The year was 2006, and high-school junior Eric Griffin had just been cut during basketball tryouts. Again.
It was a crushing feeling, but nothing new for Griffin. After all, he’d been cut a few times before. Five, to be exact.
His sixth-, seventh- and eighth-grade coaches all told him he wasn’t good enough to play on the team. Ditto for the freshman and sophomore coaches at Evans High School in Orlando, Fla.
Boy, if they only knew.
Nearly six years after Evans' coaches dumped him like a bad prom date, Griffin is soaring up NBA draft boards. The smooth, 6’8” forward with the "go-go-gadget" extendable arms and pogo sticks for legs now has pro scouts drooling, even if they hadn’t heard of him until a few months ago.
But although he’s on the brink of becoming a household name, Griffin’s journey to the league has been far from glamorous.
After getting cut at Evans for the final time, Griffin transferred to nearby Boone High School. There, he met head coach and former LSU guard Willie Anderson, who recognized Griffin’s freakish athleticism and unrelenting hunger for greatness.
Anderson gave the kid a shot, and he didn’t disappoint.
Following a solid first year of organized basketball, Griffin went on to play for Hiwassee Community College in Tennessee, where he averaged 16 points, six rebounds and two blocks per game.
But when the small junior college lost its accreditation, Griffin was forced to move on. He transferred to Garden City Community College in Kansas, and although his numbers took a dip, his career received an unexpected boost thanks to Robbie Laing.
Laing, the head coach at Division I Campbell University, immediately fell in love with Griffin for the same reasons Anderson had. He marveled at Griffin’s raw athletic ability, his will to improve and his seemingly limitless potential. He signed Griffin in November of his only season at Garden City.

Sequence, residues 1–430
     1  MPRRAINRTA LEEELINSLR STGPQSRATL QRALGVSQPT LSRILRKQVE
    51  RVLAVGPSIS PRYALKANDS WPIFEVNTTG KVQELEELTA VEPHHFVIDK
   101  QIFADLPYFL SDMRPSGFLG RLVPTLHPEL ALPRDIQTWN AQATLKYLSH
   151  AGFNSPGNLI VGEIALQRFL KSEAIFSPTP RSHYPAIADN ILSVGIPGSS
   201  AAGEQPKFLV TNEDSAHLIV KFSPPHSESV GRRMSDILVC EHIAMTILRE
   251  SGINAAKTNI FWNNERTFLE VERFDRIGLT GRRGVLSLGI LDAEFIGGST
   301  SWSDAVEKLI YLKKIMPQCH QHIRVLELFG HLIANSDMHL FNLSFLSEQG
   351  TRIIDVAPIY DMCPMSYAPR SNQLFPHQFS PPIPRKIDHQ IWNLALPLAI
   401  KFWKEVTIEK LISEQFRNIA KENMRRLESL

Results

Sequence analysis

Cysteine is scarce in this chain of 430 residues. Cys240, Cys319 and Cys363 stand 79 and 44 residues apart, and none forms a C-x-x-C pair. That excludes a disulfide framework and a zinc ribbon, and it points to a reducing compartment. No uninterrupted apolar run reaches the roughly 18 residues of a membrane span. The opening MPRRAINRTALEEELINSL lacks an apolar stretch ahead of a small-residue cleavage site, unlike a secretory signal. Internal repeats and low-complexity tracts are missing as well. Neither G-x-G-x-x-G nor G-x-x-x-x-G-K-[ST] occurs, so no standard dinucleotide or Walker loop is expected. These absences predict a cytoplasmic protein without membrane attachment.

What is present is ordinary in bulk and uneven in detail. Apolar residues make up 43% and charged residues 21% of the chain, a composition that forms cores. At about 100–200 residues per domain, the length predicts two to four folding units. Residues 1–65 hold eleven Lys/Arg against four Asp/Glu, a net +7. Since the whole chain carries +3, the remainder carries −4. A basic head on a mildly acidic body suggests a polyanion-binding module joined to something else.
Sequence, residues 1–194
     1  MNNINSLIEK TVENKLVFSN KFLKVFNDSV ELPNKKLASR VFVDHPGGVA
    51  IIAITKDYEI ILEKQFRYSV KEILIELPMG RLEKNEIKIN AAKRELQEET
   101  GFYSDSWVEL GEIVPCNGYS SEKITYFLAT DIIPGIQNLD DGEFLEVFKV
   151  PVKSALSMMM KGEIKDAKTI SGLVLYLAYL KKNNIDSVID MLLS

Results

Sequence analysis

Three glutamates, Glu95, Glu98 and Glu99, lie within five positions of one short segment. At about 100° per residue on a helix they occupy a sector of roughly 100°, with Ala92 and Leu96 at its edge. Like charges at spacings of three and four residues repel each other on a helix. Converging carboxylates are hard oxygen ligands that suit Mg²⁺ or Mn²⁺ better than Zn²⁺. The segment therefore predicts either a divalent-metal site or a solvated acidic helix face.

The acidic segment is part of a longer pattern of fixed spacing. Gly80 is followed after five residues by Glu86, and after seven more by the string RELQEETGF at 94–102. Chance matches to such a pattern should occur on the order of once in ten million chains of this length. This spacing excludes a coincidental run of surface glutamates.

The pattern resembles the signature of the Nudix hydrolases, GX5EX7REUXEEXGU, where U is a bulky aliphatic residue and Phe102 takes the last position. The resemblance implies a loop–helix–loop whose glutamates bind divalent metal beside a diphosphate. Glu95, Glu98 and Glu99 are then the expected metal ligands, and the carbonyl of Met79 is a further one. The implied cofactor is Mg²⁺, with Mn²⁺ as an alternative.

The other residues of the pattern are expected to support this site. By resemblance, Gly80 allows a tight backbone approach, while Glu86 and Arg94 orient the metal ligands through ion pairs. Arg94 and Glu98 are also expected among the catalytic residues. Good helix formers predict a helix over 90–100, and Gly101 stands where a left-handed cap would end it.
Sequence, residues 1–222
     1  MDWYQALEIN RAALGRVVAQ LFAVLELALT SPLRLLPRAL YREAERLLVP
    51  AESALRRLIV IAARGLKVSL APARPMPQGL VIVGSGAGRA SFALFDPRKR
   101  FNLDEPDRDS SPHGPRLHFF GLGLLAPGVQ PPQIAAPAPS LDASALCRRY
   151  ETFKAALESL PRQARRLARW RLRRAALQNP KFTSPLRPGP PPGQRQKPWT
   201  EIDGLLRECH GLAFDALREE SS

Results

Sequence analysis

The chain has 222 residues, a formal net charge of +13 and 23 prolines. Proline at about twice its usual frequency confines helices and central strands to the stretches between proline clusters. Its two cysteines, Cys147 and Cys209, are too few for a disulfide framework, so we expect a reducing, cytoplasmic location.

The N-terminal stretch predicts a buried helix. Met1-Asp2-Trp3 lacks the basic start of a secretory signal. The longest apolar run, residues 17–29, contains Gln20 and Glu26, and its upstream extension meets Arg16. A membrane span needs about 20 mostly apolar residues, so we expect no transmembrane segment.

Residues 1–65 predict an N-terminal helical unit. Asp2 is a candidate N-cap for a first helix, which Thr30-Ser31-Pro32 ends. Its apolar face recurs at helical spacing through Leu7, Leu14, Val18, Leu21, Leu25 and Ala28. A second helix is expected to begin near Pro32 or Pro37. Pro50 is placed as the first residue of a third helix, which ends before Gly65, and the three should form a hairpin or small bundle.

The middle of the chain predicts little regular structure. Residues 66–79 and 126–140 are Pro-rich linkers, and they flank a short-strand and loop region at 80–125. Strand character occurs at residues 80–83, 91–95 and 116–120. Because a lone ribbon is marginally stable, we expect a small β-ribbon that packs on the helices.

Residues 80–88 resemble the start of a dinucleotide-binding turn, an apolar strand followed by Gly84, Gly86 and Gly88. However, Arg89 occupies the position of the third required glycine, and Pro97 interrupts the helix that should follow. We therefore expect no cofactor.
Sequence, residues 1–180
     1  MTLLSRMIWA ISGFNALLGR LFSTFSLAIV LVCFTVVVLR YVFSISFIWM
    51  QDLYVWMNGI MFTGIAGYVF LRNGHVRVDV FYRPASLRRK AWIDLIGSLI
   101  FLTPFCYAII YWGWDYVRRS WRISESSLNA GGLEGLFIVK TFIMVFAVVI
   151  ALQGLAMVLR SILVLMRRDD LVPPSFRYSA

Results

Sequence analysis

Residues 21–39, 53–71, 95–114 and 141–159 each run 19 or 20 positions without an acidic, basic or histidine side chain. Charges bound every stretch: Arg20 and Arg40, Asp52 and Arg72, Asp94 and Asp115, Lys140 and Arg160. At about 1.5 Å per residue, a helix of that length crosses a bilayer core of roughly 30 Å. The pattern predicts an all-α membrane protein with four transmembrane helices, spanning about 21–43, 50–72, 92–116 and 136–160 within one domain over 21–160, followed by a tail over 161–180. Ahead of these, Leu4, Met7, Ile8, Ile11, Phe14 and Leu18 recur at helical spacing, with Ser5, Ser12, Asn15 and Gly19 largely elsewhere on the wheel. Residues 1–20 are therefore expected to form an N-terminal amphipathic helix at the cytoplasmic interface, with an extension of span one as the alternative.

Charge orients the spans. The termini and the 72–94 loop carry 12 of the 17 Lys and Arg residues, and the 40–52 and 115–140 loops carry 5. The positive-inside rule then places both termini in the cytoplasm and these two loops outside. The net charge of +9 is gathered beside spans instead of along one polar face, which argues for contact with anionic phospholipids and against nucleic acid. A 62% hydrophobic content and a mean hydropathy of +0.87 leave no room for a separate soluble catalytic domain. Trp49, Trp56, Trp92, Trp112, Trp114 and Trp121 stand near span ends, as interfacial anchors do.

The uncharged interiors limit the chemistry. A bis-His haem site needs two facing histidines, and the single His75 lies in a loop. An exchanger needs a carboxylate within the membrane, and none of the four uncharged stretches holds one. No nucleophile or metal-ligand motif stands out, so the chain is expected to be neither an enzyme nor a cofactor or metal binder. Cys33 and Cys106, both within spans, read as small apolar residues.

In his first year at Campbell, Griffin was solid, but unspectacular. He averaged 13.2 points, 6.9 rebounds and 2.1 blocks per game. Good numbers for sure, but not enough to get the pro scouts flocking to Buies Creek, N.C.
Then, on Nov. 17, 2011, everything changed.
Campbell was playing the North Carolina A&T Aggies, who thought pressing full court would be a good idea.
Griffin leaked out, caught the ball at half court and took a few massive strides. Then, he flew. Literally. He planted his left foot just inside the free-throw line, took flight and unleashed one of the most violently beautiful dunks in the history of college basketball.
After that, it was a little hard to stay anonymous.
NBA scouts started showing up to every Campbell game, and they quickly saw that Griffin was more than just a YouTube sensation. They watched with growing awe as Griffin rained threes, snatched rebounds, swatted shots, took defenders off the dribble and dominated in the paint.
He finished his senior year with 12 double-doubles, including a monster 29-point, 14-rebound performance against No. 25 Creighton. For the season, he averaged 15.7 points, 8.6 rebounds and 2.4 blocks per game, while shooting a ridiculous 61 percent from the field.
Now, Griffin is prepping himself for draft day. He’s widely projected as a mid-to-late second-round pick. But with his physical gifts, mental toughness and unknown ceiling, he could be shaking hands with David Stern toward the end of the first round.
Not too bad for the kid who wasn’t good enough to play for Evans High School.